Vishapaqar Dragon-stones: distinct monuments of Armenian culture
A vishapakar or vishapaqar (Armenian: Վիշապաքար), also known as vishap-stones, vishap-stelae, serpent-stones, dragon-stones, are characteristic monoliths found in considerable numbers in the Armenian Highlands, at or within natural and artificial ponds, and other sources of water. They are commonly carved from one solid piece of stone into upright standing (sometimes horizontal) cigar-like shapes with fish heads or serpents. Supposedly they are images of vishaps; a water dragon derived from ancient Armenian folklore. There are about 150 known extant vishap stelae, of which 90 are found in Armenia.
Three main types of vishap-stones are known so far: 1. Bull form (square, thick plate form, the front is mainly a bull’s head and fallen down limbs image) 2. Fish form (oval, carved in the shape of the fish, contains features unique to the fish anatomy) 3. Fish-Bull Form (includes both motifs).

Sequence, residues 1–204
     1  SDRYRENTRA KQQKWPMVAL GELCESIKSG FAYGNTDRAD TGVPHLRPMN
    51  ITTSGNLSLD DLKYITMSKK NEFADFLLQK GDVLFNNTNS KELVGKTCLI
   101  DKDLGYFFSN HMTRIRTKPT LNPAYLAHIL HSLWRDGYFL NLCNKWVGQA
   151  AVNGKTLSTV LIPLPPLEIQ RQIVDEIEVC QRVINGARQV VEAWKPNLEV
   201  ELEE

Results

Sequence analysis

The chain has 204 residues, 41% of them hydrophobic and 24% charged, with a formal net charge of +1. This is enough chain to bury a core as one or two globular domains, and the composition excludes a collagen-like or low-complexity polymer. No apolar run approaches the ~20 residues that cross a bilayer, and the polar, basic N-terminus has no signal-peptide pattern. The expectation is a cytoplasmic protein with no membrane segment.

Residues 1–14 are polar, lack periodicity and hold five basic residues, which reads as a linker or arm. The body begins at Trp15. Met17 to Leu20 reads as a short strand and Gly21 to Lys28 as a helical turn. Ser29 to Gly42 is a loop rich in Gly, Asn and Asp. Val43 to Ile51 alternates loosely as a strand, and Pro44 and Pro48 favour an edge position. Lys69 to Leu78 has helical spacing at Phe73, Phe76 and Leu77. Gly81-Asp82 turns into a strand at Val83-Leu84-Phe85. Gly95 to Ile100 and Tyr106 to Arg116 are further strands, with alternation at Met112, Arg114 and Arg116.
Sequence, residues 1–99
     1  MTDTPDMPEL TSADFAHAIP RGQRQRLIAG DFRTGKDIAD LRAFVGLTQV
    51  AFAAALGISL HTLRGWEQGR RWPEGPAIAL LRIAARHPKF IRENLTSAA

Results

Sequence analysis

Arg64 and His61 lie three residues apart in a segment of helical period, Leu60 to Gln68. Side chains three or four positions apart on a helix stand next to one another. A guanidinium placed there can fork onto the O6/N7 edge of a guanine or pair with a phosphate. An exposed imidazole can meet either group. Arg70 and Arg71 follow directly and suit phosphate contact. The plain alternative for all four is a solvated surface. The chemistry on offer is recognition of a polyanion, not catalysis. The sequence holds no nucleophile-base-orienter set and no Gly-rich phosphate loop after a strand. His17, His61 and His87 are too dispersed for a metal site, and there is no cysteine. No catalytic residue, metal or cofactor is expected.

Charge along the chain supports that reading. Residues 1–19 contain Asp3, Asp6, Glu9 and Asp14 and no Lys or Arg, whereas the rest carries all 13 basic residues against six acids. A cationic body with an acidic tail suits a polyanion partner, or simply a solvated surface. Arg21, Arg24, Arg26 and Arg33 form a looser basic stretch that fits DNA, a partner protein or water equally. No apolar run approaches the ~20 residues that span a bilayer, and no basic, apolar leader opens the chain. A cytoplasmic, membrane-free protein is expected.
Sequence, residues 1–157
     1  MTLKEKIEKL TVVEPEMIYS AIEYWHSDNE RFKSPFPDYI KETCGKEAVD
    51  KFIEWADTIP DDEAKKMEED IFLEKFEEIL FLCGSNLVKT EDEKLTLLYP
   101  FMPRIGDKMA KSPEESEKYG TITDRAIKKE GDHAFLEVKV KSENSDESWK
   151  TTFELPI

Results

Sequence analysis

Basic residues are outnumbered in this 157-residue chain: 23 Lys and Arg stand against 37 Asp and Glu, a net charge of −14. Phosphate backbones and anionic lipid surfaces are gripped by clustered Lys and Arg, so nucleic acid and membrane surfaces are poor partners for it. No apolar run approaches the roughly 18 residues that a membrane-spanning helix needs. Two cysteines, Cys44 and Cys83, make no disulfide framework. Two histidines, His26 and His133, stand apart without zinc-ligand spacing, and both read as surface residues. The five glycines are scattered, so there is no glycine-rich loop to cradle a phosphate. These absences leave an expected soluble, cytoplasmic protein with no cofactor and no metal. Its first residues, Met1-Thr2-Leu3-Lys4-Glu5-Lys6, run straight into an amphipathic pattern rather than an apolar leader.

As for the function of those mysterious monuments, they were most likely employed in ceremonies and rituals dedicated to worshiping natural sources. Scientists have linked the dragon-stones to the local beliefs and ideas of fertility and water worship. Almost all the Vishaps were discovered and excavated in locations related to mountain springs or canals. Similarly, there were advanced irrigation systems found by Ashkharbek Kalantar at Mount Aragats, the Tokhmakagan backwaters of the Gegham mountains, Artanish Bay, and near Gemerzek settlements.
It’s worth mentioning that Armenian dragon-stones are comparable and can be thoroughly explored within the historical framework of various megaliths, primarily found in the North Caucasus, Europe, and even Northern Mongolia.